AFP: Oil, power, gas heavyweights to attend energy summit
Lt. Gov. Phil Bryant on Friday announced that an energy summit co-sponsored by the Mississippi Economic Council will be held Oct. 22 at Eagle Ridge in Raymond.
The one-day summit, which will be paid for with private funds, will examine energy issues that could be debated by the Legislature in 2009, Bryant said during the Area Development Partnership's First Friday meeting.
The summit will include energy heavyweights University of Mississippi mechanical engineering professor B.K. Hodge, Denbury Resources Chief Executive Officer Gareth Roberts, Mississippi Power Chief Executive Officer Anthony Topazi and Atmos Energy Mississippi Division President David Gates, among others.
The summit also will look at alternative energy sources such as biofuels, solar and wind power.
"We have looked at how to make energy from everything from woodchips to chicken-house debris," Bryant said. "We will talk about alternative fuels, conservation and development of Mississippi's resources."
Bryant said $26.3 billion for energy-related programs will be invested in the state, including a $2 billion planned investment by Mississippi Power and a planned $4 billion from Entergy.
Bryant also announced that Mississippi Power plans to build a 50 megawatt plant in Kemper County that will be powered by lignite, a form of coal. The plant will be adjacent to the mine where the lignite is produced, Bryant said, and the carbon-dioxide waste product from production will be reused as part of a Denbury Resources project at the oilfield at Tinsley Field.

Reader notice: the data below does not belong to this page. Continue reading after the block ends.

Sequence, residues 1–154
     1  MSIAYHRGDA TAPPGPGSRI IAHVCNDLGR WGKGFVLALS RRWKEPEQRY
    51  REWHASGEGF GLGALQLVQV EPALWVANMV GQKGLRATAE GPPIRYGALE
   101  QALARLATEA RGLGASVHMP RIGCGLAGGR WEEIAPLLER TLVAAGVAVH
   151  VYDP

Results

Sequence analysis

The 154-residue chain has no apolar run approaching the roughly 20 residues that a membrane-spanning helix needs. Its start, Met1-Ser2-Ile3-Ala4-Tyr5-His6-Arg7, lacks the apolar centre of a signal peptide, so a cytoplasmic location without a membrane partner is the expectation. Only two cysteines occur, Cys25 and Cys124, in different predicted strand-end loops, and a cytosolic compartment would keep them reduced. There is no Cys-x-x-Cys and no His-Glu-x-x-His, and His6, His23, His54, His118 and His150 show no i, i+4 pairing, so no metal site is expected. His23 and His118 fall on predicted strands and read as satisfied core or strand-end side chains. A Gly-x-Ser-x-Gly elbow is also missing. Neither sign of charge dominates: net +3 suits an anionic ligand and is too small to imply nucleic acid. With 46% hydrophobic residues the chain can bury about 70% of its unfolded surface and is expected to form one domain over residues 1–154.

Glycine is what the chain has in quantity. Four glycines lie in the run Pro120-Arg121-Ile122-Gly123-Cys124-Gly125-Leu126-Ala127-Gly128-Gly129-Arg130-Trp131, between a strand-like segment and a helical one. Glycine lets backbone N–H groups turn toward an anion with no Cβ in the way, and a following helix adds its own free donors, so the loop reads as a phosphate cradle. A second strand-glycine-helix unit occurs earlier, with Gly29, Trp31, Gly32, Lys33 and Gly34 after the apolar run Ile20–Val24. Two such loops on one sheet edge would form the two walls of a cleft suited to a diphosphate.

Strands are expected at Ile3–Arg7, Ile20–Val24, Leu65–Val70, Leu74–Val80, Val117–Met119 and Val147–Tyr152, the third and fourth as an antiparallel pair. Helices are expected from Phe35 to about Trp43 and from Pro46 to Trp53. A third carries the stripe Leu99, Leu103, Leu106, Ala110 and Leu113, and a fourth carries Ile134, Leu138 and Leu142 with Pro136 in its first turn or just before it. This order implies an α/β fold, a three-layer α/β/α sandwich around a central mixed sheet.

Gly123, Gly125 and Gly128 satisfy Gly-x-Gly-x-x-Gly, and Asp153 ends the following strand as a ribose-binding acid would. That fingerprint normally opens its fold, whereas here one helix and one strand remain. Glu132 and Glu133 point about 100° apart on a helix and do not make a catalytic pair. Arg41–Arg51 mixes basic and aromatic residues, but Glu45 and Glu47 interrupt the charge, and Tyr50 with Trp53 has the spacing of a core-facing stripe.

Denbury forces the carbon dioxide into the ground and, because the gas is a solvent for oil, it causes the crude oil to rise in the well.
"Carbon dioxide is the most efficient method of extracting crude oil," Bryant said.
"The only waste product from clean coal is carbon dioxide, and we are going to put that into the ground and get out crude oil."
A new nuclear plant near Port Gibson also is a possibility, Bryant said, although the state faces competition from Arkansas for the project.
"The nuclear power plant is not quite a done deal. Arkansas is fighting hard for it," he said. "We're going to convince them that Mississippi is where it has to be."
The ADP also announced that the launch for the University of Southern Mississippi Innovation and Commercialization Park on Classic Drive will be Oct. 11 at 4 p.m. The day's festivities will include the unveiling of the park's official name, ADP President Angie Godwin said.
"The innovation park will be directly and indirectly involved with the development of energy in Mississippi," said Shelby Thames, polymer science professor at Southern Miss. Thames pushed for the innovation park during his tenure as university president.
"We are going to leave behind the old ways of producing energy as we encourage the new, more efficient ways of producing energy," Thames said.